# Converting a decimal number to binary bits and a counter with ten LED's

Hello,

Im new here.

Im trying to convert a decimal number for example 1023 to its representation in 10 digits of binary bits.
This should equal to 1111111111 and decimal 540 should equal 1000011100.
Is there a way to do this conversion and display it on the lcd or am I missing something?

Thank You!

Hi ki2 and welcome to the forum!

I’ve created a library that provides nodes to read each bit of a byte:

Here’s an example patch:

In the above patch we take a Number and convert it into a 16-bit unsigned integer, before reading each bit of the two bytes. This patch should be run in the debugger. The top node is a tweak-number node - you can change the value of this node at runtime. Here we are displaying output in a watch node, but you could feed this output into your LCD.

@wayland I connected the lcd to the concat and I removed a few links to limit the number to 10 binary digits.It works great, thank you for doing that. Using this patch I can display the number on the top line of the LCD and the binary representation on the bottom line.

Now im trying to make it so this 10 digit binary representation is connected to the LED’s when its a 1 its on and when its 0 that LED is off,

Decimal Number goes in gets converted to binary 10 digits, 10 leds represent those digits.

Good to hear it’s working for you.

For your LEDs you can connect the output of each read-X node directly to the LUM input of the corresponding LED.

You can delete the six read-X nodes you are not using.

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@wayland Yes, that worked excellent. Im very close, May I ask one more request.
In the screen attached.
I have one button, one counter and one clock.

How do I tell the program to ON BUTTON PRESS,
start incrementing the decimal number at the top from 0 to 1023 at 0.5 second intervals and
on button press again to stop, on button press again continue from the same count and
if the decimal reaches 1023 to stop and wait for button press?

@wayland I drew it out if that helps. Im still learning how to program and im on a steep learning curve all mushed. Thank you for your time.

Been at this for hours, am I anywhere close @wayland ?

The clock node has an ENable pin. If you connect flip-flop-MEM to that pin, the clock will only tick when flip-flop is enabled. Connecting button to flip-flop-TGL will toggle the flip-flop on and off. This gives you your start/stop count.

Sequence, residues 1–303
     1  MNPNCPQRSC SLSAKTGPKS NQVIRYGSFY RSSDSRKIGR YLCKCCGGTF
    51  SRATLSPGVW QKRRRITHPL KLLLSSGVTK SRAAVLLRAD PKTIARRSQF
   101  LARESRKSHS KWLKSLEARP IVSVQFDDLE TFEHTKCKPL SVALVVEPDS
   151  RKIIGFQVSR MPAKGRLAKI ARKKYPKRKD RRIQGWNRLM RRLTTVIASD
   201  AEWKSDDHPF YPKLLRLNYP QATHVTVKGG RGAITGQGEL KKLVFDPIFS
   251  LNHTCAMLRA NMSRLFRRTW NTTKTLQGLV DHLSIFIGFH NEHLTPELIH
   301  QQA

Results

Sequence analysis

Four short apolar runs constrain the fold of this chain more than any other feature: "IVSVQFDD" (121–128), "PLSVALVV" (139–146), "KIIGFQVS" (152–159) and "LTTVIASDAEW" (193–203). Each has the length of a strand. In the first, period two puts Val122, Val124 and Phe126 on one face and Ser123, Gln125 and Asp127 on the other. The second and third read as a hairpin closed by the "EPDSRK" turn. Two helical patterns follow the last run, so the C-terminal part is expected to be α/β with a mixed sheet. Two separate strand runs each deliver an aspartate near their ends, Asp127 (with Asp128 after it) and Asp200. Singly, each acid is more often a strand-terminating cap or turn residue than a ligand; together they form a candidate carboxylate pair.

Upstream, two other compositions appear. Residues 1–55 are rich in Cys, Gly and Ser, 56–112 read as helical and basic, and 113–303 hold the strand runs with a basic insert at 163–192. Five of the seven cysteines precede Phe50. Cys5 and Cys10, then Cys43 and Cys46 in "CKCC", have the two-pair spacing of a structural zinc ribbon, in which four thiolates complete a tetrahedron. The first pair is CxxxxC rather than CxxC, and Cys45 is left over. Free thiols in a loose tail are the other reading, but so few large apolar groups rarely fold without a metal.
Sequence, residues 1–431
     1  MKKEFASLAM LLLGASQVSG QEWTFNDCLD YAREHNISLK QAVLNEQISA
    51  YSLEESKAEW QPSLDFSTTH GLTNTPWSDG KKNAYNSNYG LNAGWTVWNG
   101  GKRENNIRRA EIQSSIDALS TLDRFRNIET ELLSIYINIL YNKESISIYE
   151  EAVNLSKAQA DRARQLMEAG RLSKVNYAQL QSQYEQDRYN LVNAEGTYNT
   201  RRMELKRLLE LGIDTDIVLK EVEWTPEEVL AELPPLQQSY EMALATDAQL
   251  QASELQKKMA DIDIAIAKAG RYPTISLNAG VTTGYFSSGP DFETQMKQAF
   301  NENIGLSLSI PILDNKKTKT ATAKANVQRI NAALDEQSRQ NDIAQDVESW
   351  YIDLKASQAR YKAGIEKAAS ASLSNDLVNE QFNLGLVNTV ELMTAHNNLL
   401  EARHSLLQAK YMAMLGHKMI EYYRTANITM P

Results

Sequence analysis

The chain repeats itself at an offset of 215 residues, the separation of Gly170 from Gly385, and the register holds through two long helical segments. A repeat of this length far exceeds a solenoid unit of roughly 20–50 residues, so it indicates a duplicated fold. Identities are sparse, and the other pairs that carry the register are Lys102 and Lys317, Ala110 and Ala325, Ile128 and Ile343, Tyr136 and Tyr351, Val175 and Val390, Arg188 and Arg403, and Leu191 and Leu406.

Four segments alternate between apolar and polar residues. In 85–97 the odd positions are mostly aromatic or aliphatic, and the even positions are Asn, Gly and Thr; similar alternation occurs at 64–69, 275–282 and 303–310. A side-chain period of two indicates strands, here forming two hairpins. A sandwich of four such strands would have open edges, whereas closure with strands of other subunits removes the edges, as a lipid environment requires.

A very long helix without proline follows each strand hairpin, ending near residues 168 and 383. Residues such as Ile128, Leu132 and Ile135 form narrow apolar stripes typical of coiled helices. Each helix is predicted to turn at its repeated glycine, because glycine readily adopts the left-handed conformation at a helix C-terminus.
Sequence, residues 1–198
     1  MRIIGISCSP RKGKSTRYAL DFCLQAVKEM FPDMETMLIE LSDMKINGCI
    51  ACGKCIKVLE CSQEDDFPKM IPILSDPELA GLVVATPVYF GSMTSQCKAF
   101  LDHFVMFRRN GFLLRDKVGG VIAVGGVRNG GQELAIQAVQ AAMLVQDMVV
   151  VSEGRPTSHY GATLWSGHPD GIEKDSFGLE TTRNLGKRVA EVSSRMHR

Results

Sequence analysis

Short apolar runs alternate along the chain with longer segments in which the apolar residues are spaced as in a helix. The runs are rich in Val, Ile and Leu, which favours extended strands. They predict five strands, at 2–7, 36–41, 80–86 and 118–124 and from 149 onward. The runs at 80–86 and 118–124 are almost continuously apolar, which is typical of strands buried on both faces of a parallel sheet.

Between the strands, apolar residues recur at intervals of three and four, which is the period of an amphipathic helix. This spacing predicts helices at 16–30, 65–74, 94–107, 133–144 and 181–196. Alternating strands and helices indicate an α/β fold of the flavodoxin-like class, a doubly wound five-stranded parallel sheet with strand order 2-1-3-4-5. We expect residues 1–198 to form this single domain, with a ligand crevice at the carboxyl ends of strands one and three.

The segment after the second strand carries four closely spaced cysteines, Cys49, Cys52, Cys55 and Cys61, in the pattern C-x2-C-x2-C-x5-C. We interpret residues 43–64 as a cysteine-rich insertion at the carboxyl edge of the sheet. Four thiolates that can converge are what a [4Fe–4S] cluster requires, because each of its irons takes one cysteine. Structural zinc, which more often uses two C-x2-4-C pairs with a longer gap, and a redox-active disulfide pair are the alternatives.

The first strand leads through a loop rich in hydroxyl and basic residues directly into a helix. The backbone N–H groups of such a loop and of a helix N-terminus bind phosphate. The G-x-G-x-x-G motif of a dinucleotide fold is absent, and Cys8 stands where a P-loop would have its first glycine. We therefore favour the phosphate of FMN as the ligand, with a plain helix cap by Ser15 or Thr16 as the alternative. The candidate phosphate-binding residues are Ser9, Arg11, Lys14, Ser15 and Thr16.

Once you have that, you can work on detecting your maximum number & resetting the count. Hint: you will need to compare count output to your maximum number, then use that output to loop back up your code (which requires a ‘delay’ node) to control clock (or more likely flip-flop-RST) and button function (‘gate’ node can block/enable button output to control flip-flop-TGL and count-RST; there might be other solutions as well).

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@gweimer
I still dont understand all the objects.
I followed your advice and connected rightButton to flip flop to the enable pin on the clock.
That tick from the clock is connected to count. Then i took a tweak and the count into an add.

I thought I had it down with the if else but i just dont know how to implement it.
Can you take a look at this, by the way thank you for the Utilities in your Libraries WITH examples.
I learned a lot from that.

Don’t you want to count from 1 to 1023? What is the “add 280” for?

If-else-COND needs a boolean fed to it. A number COULD be used, but is NOT what you want in this case. Zero would be interpreted as false. Since count starts at 0 and you add 280 to it, the output of ‘add’ will never be 0, so this if-else will always output the if-else-T value (which you have hard-coded to 1).

You are trying to print values from 0 to 1023, so you should be feeding the output of count to your print-VAL pin. This should provide count with start/stop:

To stop counting at 1023 gets a bit more complicated. First, you need to know when count is greater or equal to 1023 (you could just check for equal, but it is “safer” to check for greater or equal; 1022.999999999999 and 1023.000000000001 will “look” equal to 1023, but are not). This information will be needed “higher” in the program, so you will need a ‘defer’ node to “loop” back.

Connecting a wire back “up” the program can get messy, so I am going to add ‘bus’ nodes. These can be thought of as “hidden” wires (i.e. wires running behind your circuit board that you can’t see). Bus nodes with the same Label are all connected. Multiple ‘to-bus’ nodes cannot have the name (you can’t have multiple inputs to a single wire), but you can have multiple ‘from-bus’ nodes with the same name.

Looking at the new nodes below the ‘count’ node, MAX becomes TRUE when count is greater or equal to 1023. If we feed ‘not’ MAX into the ‘gate’ feeding ‘flip-flop’, the ‘flip-flop’ will only change if count is NOT 1023 (we quit turning count on/off if we are at MAX).

If we feed MAX to flip-flop-RST, we are connecting a boolean to a pulse pin. We could add a pulse-on-true node to convert, but that is implied…a boolean “pulses” when it changes to TRUE, so the extra node is not needed. This turns off the flip-flop when count reaches 1023, so we quit counting.

In order to reset count when button is pressed after we reach max, we need to pulse count-RST. Here I have used a second ‘gate’ node that only passes data when MAX is TRUE (we are at max count), so a button press after we reach MAX will reset the counter. This will NOT start counting immediately; connecting the second ‘gate’ output to flip-flop-SET would cause it to immediately start counting on reset.

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